Oxy’s Investment In Fresh Talent Boosts Omanisation

Muscat – How did American oil company Occidental Oman become the top employer of Omani graduates? It’s an answer years in the making.
Before it took over the Mukhaizna oil field ten years ago, Oxy was a company with 300 employees. Since then, staff has grown to more than 3,000 as production at the field rose from 7,000 barrels per day to the current 130,000.
At the same time, nationals have become the company’s driving force. The overall Omanisation rate has increased from 70 per cent in 2005 to 87 per cent now. Up to 85 per cent of the operations at Mukhaizna are run by Omanis and the Oman North field is all but entirely managed by nationals.
In an interview to Muscat Daily at the company’s Oman headquarters, Saif Khalfan al Busaidi, vice president for human resources and administration explained how Oxy has taken a path of directly tying its success to the capability of its Omani staff.
“That was not just done by chance, but by a lot of structured efforts and commitments from Oxy to develop Omanis. Oxy has proven that Omanis can be similar or even better than others in managing oil fields.”
The company’s strategy starts with its policy of hiring fresh graduates rather than seasoned employees – who then require extensive training and development.
“Oxy looks from the wider perspective – instead of taking experienced Omanis from different companies, we want to increase the skill pool in the country by taking fresh graduates.”
Oxy was named top employer of graduates based on a Ministry of Higher Education survey of 12,551 graduates from the years 2009-10 and 2012-13. From 2012-14, 70 per cent of Oxy’s recruits were fresh graduates.
The company averages around 150-200 recruits a year. Many of these begin with a two-month internship, are assigned with a mentor and given a specific project to accomplish.
Once hired, they undergo an intricate five-year development programme called a ‘competency map’. Here, they are again given a direct supervisor who provides on-the-job coaching and assesses employee skills. When needed, employees are granted short courses on specific skills.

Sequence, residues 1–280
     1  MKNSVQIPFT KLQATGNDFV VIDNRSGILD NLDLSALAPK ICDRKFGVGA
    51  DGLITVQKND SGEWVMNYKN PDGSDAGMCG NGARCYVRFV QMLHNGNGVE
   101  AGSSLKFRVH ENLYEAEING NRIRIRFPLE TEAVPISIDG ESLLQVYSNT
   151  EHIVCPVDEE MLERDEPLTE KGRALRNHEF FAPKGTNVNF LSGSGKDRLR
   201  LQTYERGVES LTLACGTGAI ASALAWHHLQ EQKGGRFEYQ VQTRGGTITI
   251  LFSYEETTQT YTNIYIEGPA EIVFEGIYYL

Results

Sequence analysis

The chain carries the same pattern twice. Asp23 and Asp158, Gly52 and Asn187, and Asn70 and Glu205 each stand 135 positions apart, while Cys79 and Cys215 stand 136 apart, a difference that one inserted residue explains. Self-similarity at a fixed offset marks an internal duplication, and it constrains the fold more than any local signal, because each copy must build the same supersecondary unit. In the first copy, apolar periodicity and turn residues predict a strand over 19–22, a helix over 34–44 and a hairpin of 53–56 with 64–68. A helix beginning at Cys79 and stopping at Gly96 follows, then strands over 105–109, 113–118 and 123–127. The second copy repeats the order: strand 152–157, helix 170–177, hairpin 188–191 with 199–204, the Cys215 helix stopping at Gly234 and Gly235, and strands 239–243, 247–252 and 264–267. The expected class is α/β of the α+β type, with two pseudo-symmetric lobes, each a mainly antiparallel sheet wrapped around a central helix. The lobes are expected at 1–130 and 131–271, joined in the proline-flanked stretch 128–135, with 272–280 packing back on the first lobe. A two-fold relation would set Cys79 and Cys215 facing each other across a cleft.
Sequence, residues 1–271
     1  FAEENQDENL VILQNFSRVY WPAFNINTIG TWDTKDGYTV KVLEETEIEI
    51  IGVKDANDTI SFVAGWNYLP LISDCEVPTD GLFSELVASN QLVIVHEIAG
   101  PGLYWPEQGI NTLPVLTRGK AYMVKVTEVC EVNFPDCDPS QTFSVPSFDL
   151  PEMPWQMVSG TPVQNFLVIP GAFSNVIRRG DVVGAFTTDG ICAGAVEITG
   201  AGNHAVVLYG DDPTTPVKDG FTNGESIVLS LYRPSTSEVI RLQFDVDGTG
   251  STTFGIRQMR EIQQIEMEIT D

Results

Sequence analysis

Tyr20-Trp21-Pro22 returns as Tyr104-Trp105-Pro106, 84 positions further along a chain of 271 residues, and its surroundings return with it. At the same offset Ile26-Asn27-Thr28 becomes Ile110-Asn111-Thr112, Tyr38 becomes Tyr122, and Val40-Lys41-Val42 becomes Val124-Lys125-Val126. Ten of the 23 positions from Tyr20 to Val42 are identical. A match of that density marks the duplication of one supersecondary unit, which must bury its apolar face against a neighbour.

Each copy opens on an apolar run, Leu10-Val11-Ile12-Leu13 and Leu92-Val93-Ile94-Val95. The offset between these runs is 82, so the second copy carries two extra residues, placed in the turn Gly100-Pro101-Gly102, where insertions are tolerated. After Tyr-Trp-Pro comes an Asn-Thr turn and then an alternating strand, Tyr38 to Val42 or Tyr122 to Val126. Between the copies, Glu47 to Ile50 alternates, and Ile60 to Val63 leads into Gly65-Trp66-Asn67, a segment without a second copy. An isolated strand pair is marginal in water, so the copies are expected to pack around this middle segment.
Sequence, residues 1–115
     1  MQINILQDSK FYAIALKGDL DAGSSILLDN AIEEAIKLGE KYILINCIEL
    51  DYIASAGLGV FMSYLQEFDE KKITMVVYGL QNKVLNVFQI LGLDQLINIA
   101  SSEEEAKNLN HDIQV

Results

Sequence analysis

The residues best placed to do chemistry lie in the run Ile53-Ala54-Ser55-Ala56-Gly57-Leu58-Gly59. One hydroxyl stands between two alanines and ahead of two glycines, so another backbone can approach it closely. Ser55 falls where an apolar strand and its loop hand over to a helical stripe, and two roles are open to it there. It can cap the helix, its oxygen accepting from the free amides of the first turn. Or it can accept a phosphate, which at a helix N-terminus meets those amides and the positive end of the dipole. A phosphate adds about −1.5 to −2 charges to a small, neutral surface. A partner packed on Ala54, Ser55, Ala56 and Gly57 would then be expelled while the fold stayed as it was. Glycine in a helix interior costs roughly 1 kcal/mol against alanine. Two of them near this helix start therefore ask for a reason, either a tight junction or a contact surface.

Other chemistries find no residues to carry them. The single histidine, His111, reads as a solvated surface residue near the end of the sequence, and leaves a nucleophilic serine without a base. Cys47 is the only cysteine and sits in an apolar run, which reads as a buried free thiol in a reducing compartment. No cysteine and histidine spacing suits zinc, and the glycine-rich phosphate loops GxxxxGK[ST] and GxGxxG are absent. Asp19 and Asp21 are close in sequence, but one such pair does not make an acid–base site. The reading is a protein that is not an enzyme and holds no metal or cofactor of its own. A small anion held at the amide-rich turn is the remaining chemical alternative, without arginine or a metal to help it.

“All graduates should be aware what their development path would be for the coming five years. This way they know what they will need to be, and focus on that area by learning new things,” Busaidi said.
“Through these development programmes, we will later on be able to move them to a higher-experience job, or to replace expats.”
Additionally, the company offers cross-posting, where select employees are sent to Oxy’s external operations in other countries in the Gulf as well as to Colombia and the US for two years. On this stint, they benefit from the company’s worldwide expertise in various production techniques. The company also sponsors some employees for their Master’s in engineering abroad.
Much of the design of these programmes comes from Oxy’s US headquarters where, Busaidi said, employee development is already a core company value. “They have experts who have been specialists in that kind of job for 20 to 30 years. They already have structured programmes, so we don’t have to reinvent the wheel or start from scratch in Oman. We can use the programmes, the tools, the curriculum, here.”
Oxy’s investment in human resources also reflects its pragmatic attitude towards Omanisation.
“It’s a big task for the government, and Oxy has been taking this very seriously and is committed to hiring as many graduates as it can. Oxy doesn’t look only at the short term. It works side by side with the government.”
Much of Oxy’s success in Omanisation is a product of the resources, expertise and investment from its headquarters in Houston.
“Oxy in Houston plays a key role in Omanis’ development. Senior management at the US headquarters is the one that drives and makes sure that the company in Oman creates and delivers the best value for the sultanate,” Busaidi said.

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